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The rich melody of classical guitar strings filled F-117 for the weekly Wednesday Recital Series on Oct. 16.
The player? Former Eastfield instructor Enric Madriguera, who is now a professor of aesthetic studies at the University of North Texas.
Madriguera selected arrangements related to classical guitar virtuoso Andres Segovia. Each piece was written by someone who admired Segovia.
One of Madriguera’s choices was “Tonadilla on The Name of Andres Segovia,” which was written by Mario Castelnuovo Tedesco, a good friend of Segovia’s.
Another piece, “Humorada,” was composed by Madriguera’s aunt, Paquita Madriguera, who was Segovia’s second wife. Madriguera said he never knew Paquita, but she was a noted pianist.
The highlight of the program, though, was a duet written by Segovia himself entitled “Orraccion Estudios Diarios,” which was performed by Madriguera and Eddie Healey, a current guitar instructor at Eastfield.
The concert was a homecoming of sorts for Madriguera.
“I came here in 1976 and left in 2006,” he said. “I like coming back here, and I’m proud of the work I did here,” he said.
Eastfield is in good company. Madriguera has played in festivals throughout the world, in places such as Valencia, Spain; Sao Paulo, Brazil; and Cuenca, Ecuador. He will embark on another tour of South America, Mexico and Spain in November.
It was only the second time Madriguera had performed the selected program. The first was in Seattle a week earlier.
“A program like this is hard work,” he said. “Some of the pieces are quite challenging. Bach is difficult, but so was the last piece [‘Tonadilla sobre el nombre de Andres Segovia’].”
Although Madriguera makes it looks effortless, hours of work go into a program like this.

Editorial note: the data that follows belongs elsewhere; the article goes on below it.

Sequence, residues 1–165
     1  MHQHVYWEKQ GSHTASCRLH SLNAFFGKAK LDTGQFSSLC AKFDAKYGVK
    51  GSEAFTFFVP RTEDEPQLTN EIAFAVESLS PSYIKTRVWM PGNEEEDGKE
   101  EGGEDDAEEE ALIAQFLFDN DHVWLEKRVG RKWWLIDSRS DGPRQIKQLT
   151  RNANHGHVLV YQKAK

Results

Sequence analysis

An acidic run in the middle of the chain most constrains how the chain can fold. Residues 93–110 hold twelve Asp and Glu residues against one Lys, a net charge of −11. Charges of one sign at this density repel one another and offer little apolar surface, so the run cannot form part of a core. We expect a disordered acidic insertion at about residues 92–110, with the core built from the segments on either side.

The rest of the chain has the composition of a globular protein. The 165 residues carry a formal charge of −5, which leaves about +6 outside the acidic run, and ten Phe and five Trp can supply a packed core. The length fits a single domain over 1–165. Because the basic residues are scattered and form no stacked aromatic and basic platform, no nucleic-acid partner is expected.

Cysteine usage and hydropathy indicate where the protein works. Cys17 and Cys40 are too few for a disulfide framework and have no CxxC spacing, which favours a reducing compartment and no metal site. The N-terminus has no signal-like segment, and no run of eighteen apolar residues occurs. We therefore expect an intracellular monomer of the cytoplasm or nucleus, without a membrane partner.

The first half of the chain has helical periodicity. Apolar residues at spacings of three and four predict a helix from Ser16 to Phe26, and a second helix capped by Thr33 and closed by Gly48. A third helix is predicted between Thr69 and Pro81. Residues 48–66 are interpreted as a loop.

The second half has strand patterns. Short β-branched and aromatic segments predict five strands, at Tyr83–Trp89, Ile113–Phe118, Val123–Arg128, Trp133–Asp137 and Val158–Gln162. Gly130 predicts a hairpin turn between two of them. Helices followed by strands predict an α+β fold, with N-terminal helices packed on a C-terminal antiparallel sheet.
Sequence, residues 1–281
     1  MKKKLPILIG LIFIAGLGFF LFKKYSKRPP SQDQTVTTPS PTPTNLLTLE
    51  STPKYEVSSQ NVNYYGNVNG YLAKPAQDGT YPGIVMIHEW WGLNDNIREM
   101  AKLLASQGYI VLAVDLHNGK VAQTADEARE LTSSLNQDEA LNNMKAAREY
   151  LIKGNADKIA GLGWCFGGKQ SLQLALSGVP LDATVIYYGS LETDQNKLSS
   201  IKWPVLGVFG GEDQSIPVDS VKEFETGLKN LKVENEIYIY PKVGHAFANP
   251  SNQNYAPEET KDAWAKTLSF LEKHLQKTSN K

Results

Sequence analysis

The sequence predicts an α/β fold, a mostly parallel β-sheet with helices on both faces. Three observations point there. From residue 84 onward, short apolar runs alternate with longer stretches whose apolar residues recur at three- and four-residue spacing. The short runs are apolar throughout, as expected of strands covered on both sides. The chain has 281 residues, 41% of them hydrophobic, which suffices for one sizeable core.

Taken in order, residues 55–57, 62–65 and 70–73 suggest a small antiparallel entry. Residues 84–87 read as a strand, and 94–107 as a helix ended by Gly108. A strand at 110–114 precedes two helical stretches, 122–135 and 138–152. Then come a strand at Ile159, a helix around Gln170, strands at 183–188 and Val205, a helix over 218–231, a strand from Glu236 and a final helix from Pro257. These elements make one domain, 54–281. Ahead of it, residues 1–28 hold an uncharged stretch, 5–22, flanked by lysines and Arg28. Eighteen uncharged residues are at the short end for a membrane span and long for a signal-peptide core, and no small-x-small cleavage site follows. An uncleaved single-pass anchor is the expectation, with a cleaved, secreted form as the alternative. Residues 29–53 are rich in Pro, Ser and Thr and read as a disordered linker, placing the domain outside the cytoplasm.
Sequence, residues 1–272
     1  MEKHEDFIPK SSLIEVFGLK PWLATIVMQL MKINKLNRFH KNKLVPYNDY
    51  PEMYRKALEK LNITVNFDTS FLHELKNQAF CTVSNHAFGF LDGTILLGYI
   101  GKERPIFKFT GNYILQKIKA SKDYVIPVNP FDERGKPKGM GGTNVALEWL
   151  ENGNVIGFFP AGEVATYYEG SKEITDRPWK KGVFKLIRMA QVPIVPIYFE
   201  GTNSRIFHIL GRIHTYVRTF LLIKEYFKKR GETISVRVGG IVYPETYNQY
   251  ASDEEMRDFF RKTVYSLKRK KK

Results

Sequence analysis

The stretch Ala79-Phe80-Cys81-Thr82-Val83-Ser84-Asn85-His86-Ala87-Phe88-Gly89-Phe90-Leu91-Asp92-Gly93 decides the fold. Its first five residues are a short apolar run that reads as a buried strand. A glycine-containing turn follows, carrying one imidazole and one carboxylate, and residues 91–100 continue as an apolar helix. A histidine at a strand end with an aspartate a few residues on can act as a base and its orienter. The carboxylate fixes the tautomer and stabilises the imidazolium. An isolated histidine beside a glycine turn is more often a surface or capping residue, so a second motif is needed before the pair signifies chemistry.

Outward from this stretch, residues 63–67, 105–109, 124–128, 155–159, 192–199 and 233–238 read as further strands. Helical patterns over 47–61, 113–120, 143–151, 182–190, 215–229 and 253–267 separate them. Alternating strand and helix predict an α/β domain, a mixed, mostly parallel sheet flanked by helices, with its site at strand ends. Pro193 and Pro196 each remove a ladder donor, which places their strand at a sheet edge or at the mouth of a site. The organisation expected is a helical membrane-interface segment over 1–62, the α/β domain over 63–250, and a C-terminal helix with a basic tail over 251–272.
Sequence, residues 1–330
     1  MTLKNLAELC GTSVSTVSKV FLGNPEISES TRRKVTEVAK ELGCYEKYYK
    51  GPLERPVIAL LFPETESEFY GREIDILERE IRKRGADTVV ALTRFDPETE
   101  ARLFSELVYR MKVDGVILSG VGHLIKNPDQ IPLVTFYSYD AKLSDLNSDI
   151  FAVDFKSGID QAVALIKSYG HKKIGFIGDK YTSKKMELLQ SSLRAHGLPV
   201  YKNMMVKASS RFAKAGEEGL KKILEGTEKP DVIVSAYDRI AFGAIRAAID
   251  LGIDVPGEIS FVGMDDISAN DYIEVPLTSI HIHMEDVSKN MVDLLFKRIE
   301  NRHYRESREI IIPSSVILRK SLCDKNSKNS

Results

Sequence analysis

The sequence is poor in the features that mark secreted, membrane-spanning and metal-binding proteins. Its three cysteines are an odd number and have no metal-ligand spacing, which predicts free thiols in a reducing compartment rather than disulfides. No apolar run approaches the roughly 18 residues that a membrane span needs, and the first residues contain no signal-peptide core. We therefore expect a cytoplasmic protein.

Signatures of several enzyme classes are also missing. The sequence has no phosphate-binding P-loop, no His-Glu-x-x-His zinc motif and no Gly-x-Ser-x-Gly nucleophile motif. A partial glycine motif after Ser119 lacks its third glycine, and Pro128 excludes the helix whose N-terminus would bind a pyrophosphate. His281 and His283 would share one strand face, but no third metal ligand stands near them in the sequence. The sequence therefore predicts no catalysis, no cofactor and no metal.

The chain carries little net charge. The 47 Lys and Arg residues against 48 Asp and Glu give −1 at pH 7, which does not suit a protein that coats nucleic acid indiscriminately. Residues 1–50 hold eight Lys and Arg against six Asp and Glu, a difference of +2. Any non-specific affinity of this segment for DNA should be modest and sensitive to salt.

“I can’t count,” he said. “I’m on sabbatical and part of that is learning two new programs — this one, then one in the spring.”
Despite the difficulty of the program, Healey and Madriguera didn’t practice together much for their duet.
“I really had it learned before we met,” Healey said. “I think we met about three times.”
Madriguera has a couple of favorites in the program.
“[I like] the one Aunt wrote [‘Humorada’] because of the special connection with my aunt, and the last one because of the ingenuity of how it was put together based on the name [‘Tonadilla sobre el nombre de Andres Segovia’],” he said. “But I liked it all.”
Students and faculty also enjoyed the performance.
“I loved it,” said Rachel Loss-Cutler-Hull, who teaches guitar at Eastfield. “Segovia is such an inspiration to classical guitarists, and to hear someone present a concert with that in mind is really fantastic.”
Music major Robert Maddox was also inspired.
“I thought it was excellent,” he said. “The way he phrases the music is definitely something to take away.”
Student Richard Myers also enjoyed the performance.
“Actually, I could hear some discrepancies from the guitar playing, but other than it was pretty good,” he said.
Healey said he thinks students should develop an appreciation for their music to develop greater understanding of it. Then students can develop a greater appreciation for the context in which the music was produced.
“What I think is so great about Dr. Madriguera’s performance was the fact that he spent so much time playing and talking about the music he played,” Healey said. “I think that can generate more interest in it. It is like going to an art gallery and seeing a piece of art that does not readily speak to the observer, but that you can learn something about the context that produced that art. Music works the same way.”
The next concert on Oct. 30, will feature Eastfield vocal instructor Melinda Imthurn.